The Trump administration is “very seriously considering” another stimulus bill as the coronavirus pandemic continues, Treasury Secretary Steven Mnuchin said Tuesday.
Speaking to Bloomberg three months after lawmakers passed the $2.2 trillion Coronavirus Aid, Relief and Economic Security (CARES) Act, Mnuchin revealed few details on what a new round of fiscal relief would look like, though he did say it will be “much more targeted to the businesses that are impacted.”
As for the funds that are already being disbursed under the CARES act, Mnuchin said, “There’s no question that money is having a major impact on the economy.”
In a separate interview Tuesday with Time Magazine, Mnuchin said a bill could take shape next month.
While Republican and Democratic lawmakers figure out the provisions for another bill, researchers say the CARES Act is helping families now — as long as they can access the money.
Stimulus checks and expanded unemployment payments could help keep America’s poverty rate around where it was before the coronavirus outbreak, according to new research from Columbia University.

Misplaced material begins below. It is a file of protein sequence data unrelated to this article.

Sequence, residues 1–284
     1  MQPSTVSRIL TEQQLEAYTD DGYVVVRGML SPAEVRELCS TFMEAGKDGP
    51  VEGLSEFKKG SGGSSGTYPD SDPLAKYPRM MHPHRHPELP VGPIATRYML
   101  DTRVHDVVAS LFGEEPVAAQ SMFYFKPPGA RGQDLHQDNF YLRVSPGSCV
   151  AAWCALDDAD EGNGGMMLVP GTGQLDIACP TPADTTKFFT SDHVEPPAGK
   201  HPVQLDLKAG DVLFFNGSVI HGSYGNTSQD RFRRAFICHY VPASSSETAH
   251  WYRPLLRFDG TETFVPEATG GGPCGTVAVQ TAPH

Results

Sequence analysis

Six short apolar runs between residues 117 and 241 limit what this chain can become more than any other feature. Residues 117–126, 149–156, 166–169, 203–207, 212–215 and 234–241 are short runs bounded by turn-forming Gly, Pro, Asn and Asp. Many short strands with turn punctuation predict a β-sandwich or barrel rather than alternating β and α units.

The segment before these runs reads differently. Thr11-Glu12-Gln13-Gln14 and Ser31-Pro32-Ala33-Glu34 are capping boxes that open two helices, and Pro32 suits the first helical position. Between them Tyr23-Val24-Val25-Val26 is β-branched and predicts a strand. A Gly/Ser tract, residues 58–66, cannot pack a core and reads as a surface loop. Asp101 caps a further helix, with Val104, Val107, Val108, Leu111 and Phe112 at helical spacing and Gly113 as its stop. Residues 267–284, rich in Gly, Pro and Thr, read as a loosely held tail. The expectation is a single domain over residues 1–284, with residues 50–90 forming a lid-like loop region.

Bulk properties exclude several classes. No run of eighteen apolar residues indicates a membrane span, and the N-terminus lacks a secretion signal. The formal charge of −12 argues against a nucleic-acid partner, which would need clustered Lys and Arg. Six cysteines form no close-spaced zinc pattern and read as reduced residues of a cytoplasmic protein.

One measure of poverty would have climbed from an estimated 12.5% rate to 16.3% without any sort of federal intervention, the researchers said. (Great Recession-era levels peaked at approximately 16%, according to U.S. Census Bureau data.)
But because of the money from stimulus checks and expanded unemployment, that poverty rate stayed at an estimated 12.7%, the Columbia researchers projected.
A four-person family with two kids under age 18 is considered to live under the poverty threshold if their income is under $25,926 a year, according to the Census Bureau’s 2019 threshold, its most recent figure.
The Columbia researchers’ calculations assume “medium access” to the money, which means 70% of eligible people received stimulus checks and 60% of recently unemployed people received their expanded unemployment.
The stimulus checks paid $1,200 to every eligible adult making under $75,000 or $2,400 for a married couple earning under $150,000. The government also cut $500 checks for every eligible child. The Internal Revenue Service had issued 159 million stimulus payments as of early June, the agency said.
The stimulus bill also paid unemployed workers $600 a week on top of state unemployment benefits. That extra federal money will end at the end of July. As the pandemic shut businesses, unemployment soared from decades-low rates to double-digit territory, standing at 13.3% in May.
As lawmakers debate another relief bill, the Columbia study serves as another illustration of how important the stimulus money has been for the millions of Americans who have received benefits and stimulus checks.
The findings also underscore the potential harm for people who are missing out on the money.
For example, approximately 7% of people said they unsuccessfully applied for unemployment benefits or gave up because the process was too tough, according an approximate 25,000-person survey in April from the left-leaning Economic Policy Institute.